“We had a dead mall,” Wilder said. “We had to figure out a way for it to be a unique mix of stores to fight a mall in tax-free New Hampshire.” A supermarket and a 20-screen movie theater were part of the answer. “[The supermarket] is a nice component to have because it drives the everyday traffic,” he said. “The retailers are getting that opportunity to convert that traffic into sales.” A supermarket the size of a Stop & Shop rings up 30,000 sales in a week, according to Smith, the Connecticut real-estate agent. “Shaw’s gives us constant traffic into the center,” Coates said. A supermarket also will pay less rent than a specialty retailer such as Bombay — the home furnishings store at Chapel View — maybe $18 to $25 per square foot of leased space as opposed to $35 per square foot. At the time Carpionato was looking for an anchor tenant, Whole Foods was not ready to come to Rhode Island, Coates said. The high-end food chain jumped into Shaw’s old spot on the north side of Sockanossett Cross Road. RETAILERS LIKE lifestyle centers because leases are cheaper than those at enclosed malls, but the sales are higher. People spend less time at a lifestyle center than inside a mall, 57 minutes versus 75 minutes, according to the ICSC, but they spend more money — $75.70 versus $73.30 in malls. Super-regional shopping centers such as Providence Place mall, buildings that average 1 million square feet of leasable space, generate median sales of $271 a square foot. Specialty retailers at the big malls have median sales of $324 a square foot, according to ICSC data, but the sales figures are dragged down by department store anchors, where median sales are $170 a square foot. At lifestyle centers, which shun department stores, median sales are $345 a square foot, but sales can top $500 per square foot. Common-area charges, the monthly fees retailers pay on top of the rent for cleaning services, maintenance and security, are lower at a lifestyle center than a mall — averaging $3.38 per square foot compared with $7.13 per square foot. The big mall owners did not miss the movement of tenants decamping for cheaper digs in lifestyle centers. Simon Property Group, owner of Emerald Square mall in North Attleboro and Crystal Mall in Waterford, Conn., understands that lifestyle centers can hurt the enclosed malls it owns. The Indianapolis giant joined the trend rather than fight it, and it now owns six lifestyle centers. One is The Domain, in Austin, Texas, where Simon created 700,000 square feet of restaurant and retail space, along with 390 apartments and 75,000 square feet of office space. On the grounds of The Domain are 70 works by Texas artists, who created tile mosaics, wrought-iron railings and other pieces spread about the site, plus more than 350 trees. “That’s a project we’re very proud of,” said Les Morris, a company spokesman. Started in February 2005, the project took two years and $245 million to build. “THE LANDSCAPING is more emphasized,” Morris said. “With the ability to be more creative comes the ability to be more challenging.” Carpionato has had to contend with converting a set of landmark dormitories into living spaces for which someone will be willing to spend $400,000 or more. “Mr. Carpionato put a lot of personal touches here,” said Coates, noting the metal bridge that spans a roadway, refurbished wooden canopies and granite blocks inlaid in the concrete walkways. Wilder, the Massachusetts developer, has visited Chapel View and paid Carpionato a compliment on its work there. “It’s not an easy project to do to merchandise around existing buildings,” Wilder said. “I think they did a great job with it.” The work won’t end for Carpionato when it finishes Chapel View. Among other projects, the company is developing the land around the Crowne Plaza in Warwick’s Greenwood section. It’s also planning a $40-million, 15-story high-end hotel with condominiums on a small triangle of land in Providence across Steeple Street from the U.S. Post Office. The piece of land, which is bounded by Steeple Street, Exchange Street and Memorial Boulevard, is a part of the Capital Center development district in front and around the State House.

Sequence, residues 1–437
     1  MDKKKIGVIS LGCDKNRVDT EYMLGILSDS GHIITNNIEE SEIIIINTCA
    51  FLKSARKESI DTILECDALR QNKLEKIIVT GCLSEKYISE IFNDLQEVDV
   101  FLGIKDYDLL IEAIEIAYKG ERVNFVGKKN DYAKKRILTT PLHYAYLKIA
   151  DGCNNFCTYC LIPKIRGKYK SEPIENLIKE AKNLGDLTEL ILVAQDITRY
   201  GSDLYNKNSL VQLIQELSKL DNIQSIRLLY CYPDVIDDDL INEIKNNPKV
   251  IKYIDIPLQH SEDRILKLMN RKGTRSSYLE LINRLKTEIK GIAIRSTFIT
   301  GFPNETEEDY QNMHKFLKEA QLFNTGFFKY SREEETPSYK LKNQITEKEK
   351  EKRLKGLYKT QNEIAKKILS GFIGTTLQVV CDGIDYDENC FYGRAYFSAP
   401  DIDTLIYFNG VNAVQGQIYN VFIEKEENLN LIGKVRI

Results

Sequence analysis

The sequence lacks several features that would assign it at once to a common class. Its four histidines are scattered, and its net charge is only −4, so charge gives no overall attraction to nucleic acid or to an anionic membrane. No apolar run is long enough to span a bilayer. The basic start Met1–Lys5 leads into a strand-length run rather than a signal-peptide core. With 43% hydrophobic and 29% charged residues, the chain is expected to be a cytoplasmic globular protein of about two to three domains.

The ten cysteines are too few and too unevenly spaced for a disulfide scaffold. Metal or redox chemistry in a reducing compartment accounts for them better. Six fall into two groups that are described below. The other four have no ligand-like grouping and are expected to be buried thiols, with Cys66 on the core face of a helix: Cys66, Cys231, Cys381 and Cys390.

“What people want today is price and convenience.”
De Forest W. Smith